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German hostages in Yemen located

A German couple and their three children have been located, but are still being held hostage, according a German official in Yemen. But who's holding them hostage remains a mystery.

German Foreign Minister Guido Westerwelle (l.) is accompanied by Yemen Foreign Minister Abu Bakr al-Qirbi as he leaves a meeting with Yemeni president Ali Abdullah Saleh in San'a, Yemen on Monday.

Nasser Nasser/AP

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Yemeni authorities have located a German couple and their three children who have been held hostage in Yemen by unidentified kidnappers since June, German Foreign Minister Guido Westerwelle said on Monday.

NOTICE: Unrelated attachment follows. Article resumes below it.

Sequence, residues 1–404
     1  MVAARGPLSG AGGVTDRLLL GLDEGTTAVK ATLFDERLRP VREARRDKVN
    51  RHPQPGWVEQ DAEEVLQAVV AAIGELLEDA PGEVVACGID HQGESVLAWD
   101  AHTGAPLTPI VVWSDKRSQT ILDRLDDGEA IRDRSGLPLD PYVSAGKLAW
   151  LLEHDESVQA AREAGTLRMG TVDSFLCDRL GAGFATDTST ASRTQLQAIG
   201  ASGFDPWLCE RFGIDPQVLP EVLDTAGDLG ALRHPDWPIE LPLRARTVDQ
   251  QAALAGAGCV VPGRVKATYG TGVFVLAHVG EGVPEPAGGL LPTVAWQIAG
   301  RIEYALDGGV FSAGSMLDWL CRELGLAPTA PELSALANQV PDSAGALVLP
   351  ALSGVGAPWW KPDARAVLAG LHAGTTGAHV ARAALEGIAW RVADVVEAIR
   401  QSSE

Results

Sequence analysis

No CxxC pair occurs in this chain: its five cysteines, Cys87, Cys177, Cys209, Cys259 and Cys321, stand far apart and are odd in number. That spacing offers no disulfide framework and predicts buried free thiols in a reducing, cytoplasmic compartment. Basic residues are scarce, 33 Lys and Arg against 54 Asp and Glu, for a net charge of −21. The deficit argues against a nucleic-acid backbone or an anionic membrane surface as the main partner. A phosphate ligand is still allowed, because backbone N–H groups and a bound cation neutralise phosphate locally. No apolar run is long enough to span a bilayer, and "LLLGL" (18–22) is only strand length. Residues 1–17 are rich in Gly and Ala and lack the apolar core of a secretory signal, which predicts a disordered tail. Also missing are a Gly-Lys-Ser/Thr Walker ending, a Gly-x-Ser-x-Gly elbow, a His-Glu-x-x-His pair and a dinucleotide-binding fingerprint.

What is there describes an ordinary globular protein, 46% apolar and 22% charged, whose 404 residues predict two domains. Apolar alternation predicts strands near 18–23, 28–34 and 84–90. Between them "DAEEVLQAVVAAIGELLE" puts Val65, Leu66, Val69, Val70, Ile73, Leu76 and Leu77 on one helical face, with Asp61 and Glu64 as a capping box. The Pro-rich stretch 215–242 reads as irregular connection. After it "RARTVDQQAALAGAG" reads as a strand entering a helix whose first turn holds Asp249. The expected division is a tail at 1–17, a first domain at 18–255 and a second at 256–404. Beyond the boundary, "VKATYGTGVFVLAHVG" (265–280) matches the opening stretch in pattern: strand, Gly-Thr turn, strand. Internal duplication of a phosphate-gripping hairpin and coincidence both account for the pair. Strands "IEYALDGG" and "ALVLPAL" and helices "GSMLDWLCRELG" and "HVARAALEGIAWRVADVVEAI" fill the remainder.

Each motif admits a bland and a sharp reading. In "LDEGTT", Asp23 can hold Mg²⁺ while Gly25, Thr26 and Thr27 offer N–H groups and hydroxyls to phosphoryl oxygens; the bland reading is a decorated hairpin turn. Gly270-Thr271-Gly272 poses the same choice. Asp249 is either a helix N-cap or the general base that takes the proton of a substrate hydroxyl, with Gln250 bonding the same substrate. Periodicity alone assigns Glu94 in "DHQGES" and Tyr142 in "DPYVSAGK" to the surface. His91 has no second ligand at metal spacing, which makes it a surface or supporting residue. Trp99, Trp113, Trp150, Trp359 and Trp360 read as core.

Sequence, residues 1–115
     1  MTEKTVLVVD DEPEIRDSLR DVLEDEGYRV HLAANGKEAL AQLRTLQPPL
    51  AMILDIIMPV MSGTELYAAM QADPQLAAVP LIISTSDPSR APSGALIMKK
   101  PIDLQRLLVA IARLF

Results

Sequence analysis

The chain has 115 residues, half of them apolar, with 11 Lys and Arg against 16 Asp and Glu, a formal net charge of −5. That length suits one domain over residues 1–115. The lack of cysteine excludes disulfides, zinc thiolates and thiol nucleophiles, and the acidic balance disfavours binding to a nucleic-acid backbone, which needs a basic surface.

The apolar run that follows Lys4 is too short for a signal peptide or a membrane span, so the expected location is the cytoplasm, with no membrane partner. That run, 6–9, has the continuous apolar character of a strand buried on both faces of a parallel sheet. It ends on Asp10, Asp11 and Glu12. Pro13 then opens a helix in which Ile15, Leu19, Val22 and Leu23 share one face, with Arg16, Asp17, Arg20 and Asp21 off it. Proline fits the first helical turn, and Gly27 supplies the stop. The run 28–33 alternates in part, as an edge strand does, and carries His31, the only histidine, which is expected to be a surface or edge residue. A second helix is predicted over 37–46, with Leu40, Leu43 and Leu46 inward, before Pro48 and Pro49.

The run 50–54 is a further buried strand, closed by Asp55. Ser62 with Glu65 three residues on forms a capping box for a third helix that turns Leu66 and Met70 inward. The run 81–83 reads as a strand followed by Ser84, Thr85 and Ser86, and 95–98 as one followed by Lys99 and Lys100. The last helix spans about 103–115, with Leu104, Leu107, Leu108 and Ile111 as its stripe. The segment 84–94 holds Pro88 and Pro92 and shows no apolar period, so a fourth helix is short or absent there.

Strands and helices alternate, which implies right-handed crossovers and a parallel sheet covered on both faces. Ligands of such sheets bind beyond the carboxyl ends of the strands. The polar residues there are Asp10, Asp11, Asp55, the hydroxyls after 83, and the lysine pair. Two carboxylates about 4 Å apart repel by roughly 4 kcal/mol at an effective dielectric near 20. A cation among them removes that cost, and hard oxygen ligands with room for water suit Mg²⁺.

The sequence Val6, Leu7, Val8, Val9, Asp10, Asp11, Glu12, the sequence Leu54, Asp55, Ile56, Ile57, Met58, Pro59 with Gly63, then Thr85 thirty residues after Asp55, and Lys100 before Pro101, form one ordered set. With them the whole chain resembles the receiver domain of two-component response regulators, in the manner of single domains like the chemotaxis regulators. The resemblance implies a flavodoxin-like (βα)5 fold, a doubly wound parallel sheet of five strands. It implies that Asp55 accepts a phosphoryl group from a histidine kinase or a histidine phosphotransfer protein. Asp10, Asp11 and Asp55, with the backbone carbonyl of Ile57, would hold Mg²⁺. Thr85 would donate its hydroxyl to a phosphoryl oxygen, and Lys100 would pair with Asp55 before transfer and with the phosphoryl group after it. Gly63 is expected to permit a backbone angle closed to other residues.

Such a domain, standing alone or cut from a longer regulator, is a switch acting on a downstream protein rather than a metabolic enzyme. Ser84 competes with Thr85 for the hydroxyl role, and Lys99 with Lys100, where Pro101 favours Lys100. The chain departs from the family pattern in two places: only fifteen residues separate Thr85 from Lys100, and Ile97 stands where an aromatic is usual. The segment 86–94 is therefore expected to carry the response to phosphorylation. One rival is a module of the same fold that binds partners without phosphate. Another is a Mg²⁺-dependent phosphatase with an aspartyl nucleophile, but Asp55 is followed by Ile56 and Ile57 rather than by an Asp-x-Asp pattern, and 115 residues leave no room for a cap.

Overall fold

"I have learnt from my conversation with the president that two hours ago the location of the hostages has become known," Westerwelle told reporters in German after talks with President Ali Abdullah Saleh in Sanaa, the Yemeni capital.

Westerwelle said the Yemeni authorities were working for the release of the hostages, who were among a group of nine foreigners kidnapped in the northern region of Saada.

Three women from the group — two Germans and a South Korean — were later found dead. The other missing hostage is a Briton.
Westerwelle did not say where the family was being held or who had kidnapped them.

Germany’s mass-selling Bild newspaper cited an unnamed government official on Dec. 23 as saying the German government had received a video which showed the three children, aged between one and five years, alive but looking exhausted.

No group has claimed responsibility for the abduction, which occurred in an area where Shi’ite "Houthi" rebels are fighting government troops. The rebels have denied they were responsible.


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